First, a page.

Transitioning from their previous semester studying in Rome, the graduate students in the urban design concentration recently took part this summer in the annual American Urbanism field trip. Spanning eleven days, the group visited and documented a wide range of American towns and cities on the east coast. The sites visited afforded the students the opportunity to follow the influence of settlement patterns of traditional European cities on those in the United States.
The trip began with a stop in Skaneateles, NY (pictured left), where students met with local planner Jessica Millman. Jessica shared her experiences helping to develop the LEED for Neighborhood Development standards for the USGBC as well as reflections from her advisory role as a member of the joint comprehensive planning committee of Skaneateles during the project undertaken by the Notre Dame graduate urban design studio in 2010 (winner of the 2011 CNU Charter Award Academic Grand Prize). Following a stay in Boston, the group met with Marina Trejo (class of ’02 & ’06), a project manager at Two Trees Development in Brooklyn, NY. Marina (pictured below) shared her story of transitioning from architecture to development while leading a tour exploring industrial lofts in Dumbo, the former Domino Sugar factory site in Williamsburg, and the conversion of an asphalt parking lot into an urban farm.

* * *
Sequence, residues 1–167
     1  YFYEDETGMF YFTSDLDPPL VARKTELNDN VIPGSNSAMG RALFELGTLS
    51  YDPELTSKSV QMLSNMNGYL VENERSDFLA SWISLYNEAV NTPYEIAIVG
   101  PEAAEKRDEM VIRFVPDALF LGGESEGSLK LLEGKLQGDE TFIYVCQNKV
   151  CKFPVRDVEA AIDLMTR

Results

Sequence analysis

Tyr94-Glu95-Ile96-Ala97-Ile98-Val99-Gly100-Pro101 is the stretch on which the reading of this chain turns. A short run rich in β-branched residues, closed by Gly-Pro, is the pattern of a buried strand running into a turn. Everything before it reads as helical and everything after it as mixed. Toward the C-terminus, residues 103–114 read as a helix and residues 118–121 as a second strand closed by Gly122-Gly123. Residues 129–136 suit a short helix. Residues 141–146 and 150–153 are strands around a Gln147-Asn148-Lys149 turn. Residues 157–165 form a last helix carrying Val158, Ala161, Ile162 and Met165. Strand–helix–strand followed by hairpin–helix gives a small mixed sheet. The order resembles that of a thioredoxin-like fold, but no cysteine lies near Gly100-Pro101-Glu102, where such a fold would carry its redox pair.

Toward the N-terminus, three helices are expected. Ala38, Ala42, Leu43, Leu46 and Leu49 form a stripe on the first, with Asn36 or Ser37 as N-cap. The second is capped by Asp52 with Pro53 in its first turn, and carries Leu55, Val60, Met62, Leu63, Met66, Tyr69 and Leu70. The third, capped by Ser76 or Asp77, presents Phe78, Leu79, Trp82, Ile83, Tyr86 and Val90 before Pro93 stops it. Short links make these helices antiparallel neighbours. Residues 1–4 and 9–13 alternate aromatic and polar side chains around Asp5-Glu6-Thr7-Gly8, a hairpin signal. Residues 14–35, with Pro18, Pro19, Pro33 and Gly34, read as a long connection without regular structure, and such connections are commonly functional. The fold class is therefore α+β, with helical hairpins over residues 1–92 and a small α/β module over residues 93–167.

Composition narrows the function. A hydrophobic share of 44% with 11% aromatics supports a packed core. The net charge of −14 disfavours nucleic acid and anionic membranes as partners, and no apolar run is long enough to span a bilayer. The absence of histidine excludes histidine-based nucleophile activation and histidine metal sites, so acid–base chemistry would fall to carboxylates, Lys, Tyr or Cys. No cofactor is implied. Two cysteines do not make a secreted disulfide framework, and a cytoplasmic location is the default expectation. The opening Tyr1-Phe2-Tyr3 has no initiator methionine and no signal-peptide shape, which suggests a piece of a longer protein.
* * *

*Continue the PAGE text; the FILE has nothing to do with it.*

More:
While visiting Princeton, NJ, the students presented their work to Michael Graves, Alan Chimacoff, Terry Smith, and Gary Lapera from their semester in Rome (revisiting the 1978 Roma Interrotta project). Visits to Annapolis and Washington, D.C., included meeting with Terry Schum, planning director of the city of College Park, Maryland; Peter Hetzel, author and practicing architect; and Jay Kabriel, professor at the School of Architecture at the Catholic University of America. After spending time documenting Savannah, the students met with designer Andrew Gould of New World Byzantine in Charleston. Andrew shared a range of projects from small-scale traditional urban infill projects in the historic core of Charleston to Holy Ascension Orthodox Church (a recently built load-bearing masonry church) in the new town of I’On. The final stop on the trip included a stay in Kentlands, MD, one of the most successful New Urbanist towns designed by DPZ. Town architect Mike Watkins led the tour alongside Will Dowdy (graduate class of ’09). Lessons learned from this travel opportunity will be explored further in the studio this semester as students will work closely with the community of Lafayette, LA, beginning with a visit to New Orleans followed by an on-site public design charrette.
To view additional photos from the American Urbanism Summer Field Trip 2013, please visit the School of Architecture's Facebook page, www.facebook.com/NotreDameArchitecture.